I first met Kade when he was in the 1st grade when my husband and I were teaching in the extreme rural community of Grouse Creek, Utah. Kade was one of 24 students grades K-10th. After he and his family moved, we lost track of Kade but facebook brought him back. I've loved hearing about his life via humorous and sometimes poignant posts. He's written the most insightful comments on this LGBT blog. The rest of this post is written by Kade's mother, Brenda Leigh Baxter.
|This is Kade showing off his bread creations, as I knew him in Grouse Creek.|
|Kade with his loving mother Brenda|
By Brenda Leigh Baxter
I knew from when he was a very young age that Kade was different. Living in a small ranching community, he never fit in with the boys who were into being cowboys and all things Western. But he grew up with lots of cousins around and everybody seemed to accept him just as “Kade.” He had such an outgoing personality and made friends wherever he went. When we went to meetings in other Church wards, we would have to go round him up to come sit with us when meeting started because he had been going up and down the aisles meeting everyone he could. When we moved into “town,” he knew all the neighbors on the block before the rest of us had even met anyone. All through school, he had lots of friends, but usually only a few guy chums to hang out with. When Kade was in 6th grade and we had just moved to Ogden, I gave him the opportunity to join both a touch football league and to take a modeling class. Guess which one he liked better?! The modeling class won hands down! He hated getting dirty playing football and loved being the center of attention when he was modeling.
I think in the back of my mind, I always knew Kade was gay, but he was in total denial, so I never pushed it, but just kind of observed him in different situations and always tried to be there for him. One time we were camping with some friends and he and Lisa, the friends’ daughter, were hanging out in one of the tents, having a great time laughing and talking. Our friends got very concerned that they were in the tent together. I hadn’t given it a second thought because it was Kade. I knew they were just friends and that there was nothing to worry about. After Kade got home from his mission, he dated a couple of different girls, but as I observed him with them in my home, he never held hands with them or showed any other types of physical affection. I kept thinking: “Girls! Get a clue!” But he was so darn handsome that I didn’t blame them for trying!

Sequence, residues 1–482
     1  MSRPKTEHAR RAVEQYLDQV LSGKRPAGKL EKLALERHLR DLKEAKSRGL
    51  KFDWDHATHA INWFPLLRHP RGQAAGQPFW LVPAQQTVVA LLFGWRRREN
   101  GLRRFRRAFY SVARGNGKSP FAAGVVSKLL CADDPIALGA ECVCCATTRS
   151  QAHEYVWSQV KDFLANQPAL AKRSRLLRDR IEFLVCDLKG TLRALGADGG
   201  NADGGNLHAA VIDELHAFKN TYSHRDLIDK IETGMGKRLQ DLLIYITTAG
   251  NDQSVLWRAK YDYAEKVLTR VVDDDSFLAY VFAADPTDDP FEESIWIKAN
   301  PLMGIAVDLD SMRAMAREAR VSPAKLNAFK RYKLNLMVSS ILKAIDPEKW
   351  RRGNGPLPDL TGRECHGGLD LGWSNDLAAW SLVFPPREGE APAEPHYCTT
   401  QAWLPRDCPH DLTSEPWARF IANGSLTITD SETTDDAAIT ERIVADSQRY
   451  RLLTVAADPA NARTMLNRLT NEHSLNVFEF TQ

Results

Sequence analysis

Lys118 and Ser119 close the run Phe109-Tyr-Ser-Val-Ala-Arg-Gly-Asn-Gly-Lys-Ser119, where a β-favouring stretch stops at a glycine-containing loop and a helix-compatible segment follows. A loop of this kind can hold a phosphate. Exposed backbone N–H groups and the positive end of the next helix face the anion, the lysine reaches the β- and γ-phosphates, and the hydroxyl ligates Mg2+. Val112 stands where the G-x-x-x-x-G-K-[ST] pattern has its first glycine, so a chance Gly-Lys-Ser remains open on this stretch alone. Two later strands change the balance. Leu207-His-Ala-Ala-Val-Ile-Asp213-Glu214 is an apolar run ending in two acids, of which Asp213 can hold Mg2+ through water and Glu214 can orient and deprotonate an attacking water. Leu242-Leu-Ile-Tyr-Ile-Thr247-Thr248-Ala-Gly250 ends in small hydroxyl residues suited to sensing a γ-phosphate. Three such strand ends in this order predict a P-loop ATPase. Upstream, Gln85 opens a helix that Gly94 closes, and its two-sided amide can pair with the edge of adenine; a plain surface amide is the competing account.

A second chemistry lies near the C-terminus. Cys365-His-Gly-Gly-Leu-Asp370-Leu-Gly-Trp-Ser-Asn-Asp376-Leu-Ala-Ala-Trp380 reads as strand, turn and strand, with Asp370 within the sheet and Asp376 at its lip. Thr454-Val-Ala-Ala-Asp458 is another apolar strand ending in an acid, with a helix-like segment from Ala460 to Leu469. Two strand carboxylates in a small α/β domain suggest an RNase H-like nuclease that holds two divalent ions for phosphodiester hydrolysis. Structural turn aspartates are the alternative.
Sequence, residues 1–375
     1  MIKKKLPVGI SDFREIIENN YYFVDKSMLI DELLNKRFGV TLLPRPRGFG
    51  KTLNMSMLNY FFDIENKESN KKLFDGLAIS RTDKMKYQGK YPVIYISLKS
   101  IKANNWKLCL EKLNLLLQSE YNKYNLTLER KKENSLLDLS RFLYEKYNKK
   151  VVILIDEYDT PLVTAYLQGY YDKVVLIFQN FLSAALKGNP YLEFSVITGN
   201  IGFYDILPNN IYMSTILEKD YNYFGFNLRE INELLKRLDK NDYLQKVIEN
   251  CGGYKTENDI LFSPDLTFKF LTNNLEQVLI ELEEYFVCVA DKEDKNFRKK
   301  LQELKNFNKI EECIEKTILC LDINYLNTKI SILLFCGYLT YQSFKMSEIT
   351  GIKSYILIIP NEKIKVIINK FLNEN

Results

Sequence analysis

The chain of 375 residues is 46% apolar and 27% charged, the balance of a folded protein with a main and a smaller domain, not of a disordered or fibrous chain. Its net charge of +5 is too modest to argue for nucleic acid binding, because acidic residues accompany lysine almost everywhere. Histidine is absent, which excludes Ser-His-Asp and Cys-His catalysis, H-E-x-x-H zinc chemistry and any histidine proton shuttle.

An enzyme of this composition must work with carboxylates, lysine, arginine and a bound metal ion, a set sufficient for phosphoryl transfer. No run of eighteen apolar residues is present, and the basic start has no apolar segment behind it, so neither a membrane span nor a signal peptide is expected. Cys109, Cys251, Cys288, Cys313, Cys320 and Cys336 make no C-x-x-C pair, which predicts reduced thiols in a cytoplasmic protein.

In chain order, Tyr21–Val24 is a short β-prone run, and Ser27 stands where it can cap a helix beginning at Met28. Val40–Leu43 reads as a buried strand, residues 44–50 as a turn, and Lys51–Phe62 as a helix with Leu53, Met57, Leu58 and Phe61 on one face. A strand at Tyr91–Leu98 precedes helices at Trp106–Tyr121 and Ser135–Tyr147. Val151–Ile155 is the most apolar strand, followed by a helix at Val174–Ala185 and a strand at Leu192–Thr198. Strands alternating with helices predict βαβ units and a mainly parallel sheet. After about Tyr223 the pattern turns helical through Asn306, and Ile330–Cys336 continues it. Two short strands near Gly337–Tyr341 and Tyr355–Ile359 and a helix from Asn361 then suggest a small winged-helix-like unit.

I was very proud of Kade for serving an honorable mission. It was his own idea – He didn’t go because family was pushing him, but waited until he felt ready to go. Kade was an outstanding missionary and learned so many things from his mission, including how to budget money, get along with a great variety of companions, and he also improved his leadership abilities. Serving in a Southern State, he met people of all ethnicities and social strata. He loved everybody – It didn’t matter how poor they were or the color of their skin.
Kade is a very giving and caring person. He has helped out on various campaigns and fund raisers for different charities. I would give him a bad time whenever we were walking around Ogden, because somebody would invariably come up to Kade and ask him for change. Somehow that “giving aura” radiates out of him! I would tell him I couldn’t take him anywhere!
Over the years, I had talked to my sister and to my two daughters about whether they thought Kade was gay. Everybody figured there was a pretty good chance he was, but none of us pushed the question on him. He had been living with me for a couple of years, going to college, when he finally came out to me. I think my first words were something like: “What took you so long?” It was a relief to finally have it out in the open. But at the same time, it was also very sad to have it finally confirmed. I was worried about how family and the world in general would treat my “baby boy”, and of course, I was disappointed knowing he would never have a traditional family, nor probably give me any grandchildren. I knew Kade had a strong testimony of the Gospel, and that this was extra hard on his image of what kind of life he “should” be living – goodbye to a Temple marriage and all that goes with it.